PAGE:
At the doctor later that day (I had to get a tetanus shot because Odin had bit me accidentally when we pulled them apart) – the nurse who administered my shot tried to make small talk “Oh, your dog was attacked? Good thing he’s gonna be okay…” and it took all my strength not to burst into tears straight away. All I felt was that they just didn’t understand, how terrifying it had been, how scared I was now that Odin wouldn’t make it or that there would be complications with his surgery or recovery… I felt very alone. Even Aaron couldn’t fully understand, as he hadn’t been there. I knew how much he wished he had been as he tried to talk me through that day and the ones that followed.
Looking back, you might say that I was just worried for nothing. Odin is recovered fully at this point. His stitches are out, the spot they shaved on his side is growing back… he is snuggling as much as ever.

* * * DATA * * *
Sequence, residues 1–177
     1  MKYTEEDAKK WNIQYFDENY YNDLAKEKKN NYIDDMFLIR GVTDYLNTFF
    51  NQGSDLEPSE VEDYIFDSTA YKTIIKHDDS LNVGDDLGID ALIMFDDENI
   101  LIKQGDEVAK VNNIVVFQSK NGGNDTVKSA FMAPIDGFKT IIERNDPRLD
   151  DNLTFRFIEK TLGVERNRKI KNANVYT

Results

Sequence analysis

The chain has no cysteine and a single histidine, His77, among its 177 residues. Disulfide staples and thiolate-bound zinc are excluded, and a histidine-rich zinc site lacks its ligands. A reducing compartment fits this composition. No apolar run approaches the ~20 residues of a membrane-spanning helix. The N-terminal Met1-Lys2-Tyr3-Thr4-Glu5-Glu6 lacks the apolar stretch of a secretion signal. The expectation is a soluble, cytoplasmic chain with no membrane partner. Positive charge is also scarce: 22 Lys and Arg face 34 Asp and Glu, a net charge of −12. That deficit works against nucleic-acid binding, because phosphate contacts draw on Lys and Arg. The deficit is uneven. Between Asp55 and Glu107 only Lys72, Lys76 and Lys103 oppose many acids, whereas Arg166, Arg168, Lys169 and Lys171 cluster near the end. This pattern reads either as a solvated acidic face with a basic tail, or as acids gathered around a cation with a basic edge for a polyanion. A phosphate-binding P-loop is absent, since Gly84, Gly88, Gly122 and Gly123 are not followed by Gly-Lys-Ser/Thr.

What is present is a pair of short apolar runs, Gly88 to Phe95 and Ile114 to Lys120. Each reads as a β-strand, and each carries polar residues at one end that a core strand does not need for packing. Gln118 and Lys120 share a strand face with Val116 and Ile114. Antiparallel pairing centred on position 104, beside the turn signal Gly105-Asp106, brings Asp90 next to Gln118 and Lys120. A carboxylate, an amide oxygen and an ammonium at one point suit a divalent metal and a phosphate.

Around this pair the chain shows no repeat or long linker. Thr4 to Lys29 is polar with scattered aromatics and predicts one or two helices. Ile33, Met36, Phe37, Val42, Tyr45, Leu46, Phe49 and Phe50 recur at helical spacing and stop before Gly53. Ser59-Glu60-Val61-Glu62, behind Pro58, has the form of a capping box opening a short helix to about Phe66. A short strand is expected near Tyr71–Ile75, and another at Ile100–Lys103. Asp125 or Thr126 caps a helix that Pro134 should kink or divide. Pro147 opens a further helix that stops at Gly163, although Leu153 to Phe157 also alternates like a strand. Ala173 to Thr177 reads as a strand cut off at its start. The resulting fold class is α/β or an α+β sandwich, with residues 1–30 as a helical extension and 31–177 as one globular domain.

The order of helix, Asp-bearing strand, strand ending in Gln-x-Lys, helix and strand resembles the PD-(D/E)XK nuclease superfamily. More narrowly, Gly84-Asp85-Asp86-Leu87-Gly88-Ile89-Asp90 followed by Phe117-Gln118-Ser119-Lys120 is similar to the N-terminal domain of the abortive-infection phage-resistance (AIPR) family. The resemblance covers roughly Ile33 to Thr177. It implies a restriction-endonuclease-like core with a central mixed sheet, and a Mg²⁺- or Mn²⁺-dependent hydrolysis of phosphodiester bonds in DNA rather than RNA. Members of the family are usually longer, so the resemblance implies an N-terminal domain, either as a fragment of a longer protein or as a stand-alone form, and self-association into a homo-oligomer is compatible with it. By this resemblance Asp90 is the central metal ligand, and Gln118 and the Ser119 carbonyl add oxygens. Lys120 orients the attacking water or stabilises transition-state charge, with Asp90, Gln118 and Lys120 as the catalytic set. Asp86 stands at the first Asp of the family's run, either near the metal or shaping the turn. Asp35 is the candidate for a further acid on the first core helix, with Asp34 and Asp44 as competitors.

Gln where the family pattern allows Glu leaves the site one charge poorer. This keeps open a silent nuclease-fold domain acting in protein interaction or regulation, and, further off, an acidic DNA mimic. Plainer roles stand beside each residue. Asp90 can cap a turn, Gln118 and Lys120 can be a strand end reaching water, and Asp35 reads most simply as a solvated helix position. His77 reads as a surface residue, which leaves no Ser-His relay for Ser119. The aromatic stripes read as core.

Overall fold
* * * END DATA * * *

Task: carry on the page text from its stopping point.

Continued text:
What remains, is for me to sort out the things I experienced and learned from this trauma.
What was most difficult was the feeling that most people didn’t understand. They didn’t understand how violent the attack had been. They didn’t understand how much I loved my dog. They didn’t understand what this meant to me. Of course, in reality, I was surrounded by support and messages of love.
But grief is an irrational beast, and it does not count all the supportive texts and facebook messages, it just knows that right now, in this moment, you are alone at home and your dog is still unconscious at the hospital and its all your fault and no one has an arm around you.
I learned that all the things that people do to make you feel better, only make you feel worse. People who try making light of things and looking on the bright side just make you feel like your pain is irrational.
I learned that people who experience these things, who actually lose loved ones, must feel so alone.